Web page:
The Author’s Corner with Stephen Howard Browne

IdesStephen H. Browne is Professor of Communication Arts and Sciences and Advisor for the Rhetoric Minor at Penn State University.  This interview is based on his forthcoming book, The Ides of War: George Washington and the Newburgh Crisis (University of South Carolina Press, 2016).

JF: What led you to write The Ides of War?

SB: 
The Newburgh crisis had always seemed a pivotal but under-appreciated moment in the revolutionary experience. Because it was resolved through the person and the speech of George Washington, it begged for treatment by a scholar in rhetorical studies and early America. It was my great fortune to be in a position to tell a story with all the drama, poignancy, color, and historical richness one could reasonably ask for. So I did!

JF: In two sentences, what is the argument of The Ides of War?

SB:
 My central thesis holds that the Newburgh crisis represents a classic confrontation between the rival claims of military and civil authority. Washington, I argue, was the only man living who possessed the character, power, and rhetorical resources capable of resolving that crisis to lasting effect.

JF: Why do we need to read The Ides of War?

SB: 
Well, if you will forgive the immodesty, I might suggest several reasons.  First, it provides the fullest and most detailed treatment of this crucial episode to date.  Second, it offers a multi-disciplinary examination of both its historical and rhetorical importance.  Third, it corrects conventional views of Washington as reticent, averse to speech, and uneasy with the English language. None of this is true.  Fourth, it is just a great story. Trust me on this!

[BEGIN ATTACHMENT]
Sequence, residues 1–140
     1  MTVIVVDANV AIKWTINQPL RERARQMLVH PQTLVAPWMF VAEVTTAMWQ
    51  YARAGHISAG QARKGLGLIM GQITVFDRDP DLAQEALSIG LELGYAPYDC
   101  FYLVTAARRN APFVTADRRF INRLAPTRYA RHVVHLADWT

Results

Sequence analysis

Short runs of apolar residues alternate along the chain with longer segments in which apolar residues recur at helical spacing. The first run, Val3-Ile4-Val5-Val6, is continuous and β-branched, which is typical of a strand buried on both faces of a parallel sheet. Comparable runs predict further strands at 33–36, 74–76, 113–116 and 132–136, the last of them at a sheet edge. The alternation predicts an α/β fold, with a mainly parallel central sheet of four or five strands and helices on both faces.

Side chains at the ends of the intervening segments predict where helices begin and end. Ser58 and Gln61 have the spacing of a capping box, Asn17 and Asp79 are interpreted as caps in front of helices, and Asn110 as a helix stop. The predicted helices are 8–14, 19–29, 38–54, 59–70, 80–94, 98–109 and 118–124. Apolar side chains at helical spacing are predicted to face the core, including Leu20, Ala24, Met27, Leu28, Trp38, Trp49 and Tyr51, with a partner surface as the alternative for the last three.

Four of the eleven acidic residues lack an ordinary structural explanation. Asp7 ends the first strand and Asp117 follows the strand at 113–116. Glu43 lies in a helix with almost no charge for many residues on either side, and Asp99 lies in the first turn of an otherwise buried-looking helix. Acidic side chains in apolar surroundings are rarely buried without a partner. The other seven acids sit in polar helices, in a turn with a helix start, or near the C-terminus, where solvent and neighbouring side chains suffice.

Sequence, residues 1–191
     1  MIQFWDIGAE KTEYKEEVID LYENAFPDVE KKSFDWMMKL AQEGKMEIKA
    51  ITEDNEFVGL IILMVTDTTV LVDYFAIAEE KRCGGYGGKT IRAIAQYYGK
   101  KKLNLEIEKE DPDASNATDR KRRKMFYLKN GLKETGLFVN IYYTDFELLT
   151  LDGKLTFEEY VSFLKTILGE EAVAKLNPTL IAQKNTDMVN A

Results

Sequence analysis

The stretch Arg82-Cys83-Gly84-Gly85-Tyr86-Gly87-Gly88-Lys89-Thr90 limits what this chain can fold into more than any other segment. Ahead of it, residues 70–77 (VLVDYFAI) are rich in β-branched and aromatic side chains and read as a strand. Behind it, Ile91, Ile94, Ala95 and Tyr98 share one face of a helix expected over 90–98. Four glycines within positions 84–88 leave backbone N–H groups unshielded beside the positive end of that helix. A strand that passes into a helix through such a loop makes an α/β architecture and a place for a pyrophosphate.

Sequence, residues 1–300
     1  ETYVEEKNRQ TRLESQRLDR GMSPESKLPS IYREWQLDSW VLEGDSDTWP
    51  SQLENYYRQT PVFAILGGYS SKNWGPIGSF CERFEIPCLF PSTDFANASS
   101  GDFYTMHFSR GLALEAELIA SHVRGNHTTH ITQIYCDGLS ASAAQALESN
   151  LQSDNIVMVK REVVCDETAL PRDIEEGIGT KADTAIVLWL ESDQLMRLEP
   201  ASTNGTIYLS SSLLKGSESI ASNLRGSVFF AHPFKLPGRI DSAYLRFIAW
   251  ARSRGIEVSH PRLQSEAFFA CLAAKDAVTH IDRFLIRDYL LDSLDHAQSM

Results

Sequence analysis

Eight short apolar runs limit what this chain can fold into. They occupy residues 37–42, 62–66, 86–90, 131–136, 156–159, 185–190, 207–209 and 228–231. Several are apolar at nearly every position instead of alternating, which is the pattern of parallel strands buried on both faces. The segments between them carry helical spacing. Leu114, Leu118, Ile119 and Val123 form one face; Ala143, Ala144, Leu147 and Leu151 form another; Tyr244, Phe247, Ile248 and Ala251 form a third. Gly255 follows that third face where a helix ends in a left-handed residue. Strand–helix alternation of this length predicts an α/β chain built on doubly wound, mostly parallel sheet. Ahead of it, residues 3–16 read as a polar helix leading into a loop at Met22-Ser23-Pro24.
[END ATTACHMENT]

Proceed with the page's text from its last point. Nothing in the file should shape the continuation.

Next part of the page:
JF: When and why did you decide to become an American historian?

SB: 
My graduate training and work thereafter have been housed in departments other than history; early on, however, I latched onto the idea that no one discipline owns the subject, and, recklessly perhaps, invited myself to the feast. Far from feeling like a pariah, I have been blessed by a welcoming, instructive, and challenging host of historians ever since.

JF: What is your next project?

SB: 
My next book project is currently underway and is tentatively titled ‘Beloved Country’: George Washington and America’s First Inauguration. It seeks to tell the story of GW’s trip from Mount Vernon to NYC; features the parades, parties, and rituals of national affirmation that attendant to the journey; and punctuates the narrative with a full-scale treatment the inaugural address.

JF: Thanks Stephen!

The Author’s Corner With J.L. Bell

ConcordJ.L. Bell is a historian and blogger at Boston 1775. This interview is based on his new book, The Road to Concord: How Four Stolen Cannon Ignited the Revolutionary War (Westholme Publishing, 2016).

JF: What led you to write The Road to Concord?